Barack Obama, the 44th president of the United States and the first African American president, was elected over Senator John McCain of Arizona on November 4, 2008. Obama, a former senator from Illinois whose campaign’s slogan was “Change we can believe in” and “Yes we can,” was subsequently elected to a second term over Massachusetts governor Mitt Romney. A winner of the 2009 Nobel Peace Prize, Obama’s presidency was marked by the passage of the Affordable Care Act, or “Obamacare”; the killing of Osama bin Laden by Seal Team Six; the Iran Nuclear Deal and the legalization of gay marriage by the Supreme Court.
Barack Obama’s parents later separated, and Barack Sr. went back to Kenya. He would see his son only once more before dying in a car accident in 1982. Ann remarried in 1965. She and her new husband, an Indonesian man named Lolo Soetoro, moved with her young son to Jakarta in the late 1960s, where Ann worked at the U.S. embassy. Obama’s half-sister, Maya Soetoro Ng, was born in Jakarta in 1970.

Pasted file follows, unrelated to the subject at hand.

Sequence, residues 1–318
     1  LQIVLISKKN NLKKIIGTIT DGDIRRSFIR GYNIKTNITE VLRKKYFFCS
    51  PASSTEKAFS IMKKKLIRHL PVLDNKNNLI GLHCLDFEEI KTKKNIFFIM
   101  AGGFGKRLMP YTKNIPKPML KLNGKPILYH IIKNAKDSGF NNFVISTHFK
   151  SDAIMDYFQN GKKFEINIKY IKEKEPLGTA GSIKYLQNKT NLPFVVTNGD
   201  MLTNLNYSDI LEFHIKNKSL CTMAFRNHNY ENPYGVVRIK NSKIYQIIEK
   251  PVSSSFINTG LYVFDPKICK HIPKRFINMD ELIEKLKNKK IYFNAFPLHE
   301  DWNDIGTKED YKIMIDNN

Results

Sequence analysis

Barack Obama’s Education
At age 10, Obama returned to Hawaii to live with his maternal grandparents. He attended the Punahou School, an elite private school where, as he wrote in his 1995 memoir, Dreams from My Father, he first began to understand the tensions inherent in his mixed racial background. After two years at Occidental College in Los Angeles, he transferred to Columbia University in New York City, from which he graduated in 1983 with a degree in political science.
He graduated magna cum laude from Harvard Law School in 1991. While at Harvard, he became the first Black editor of the prestigious Harvard Law Review.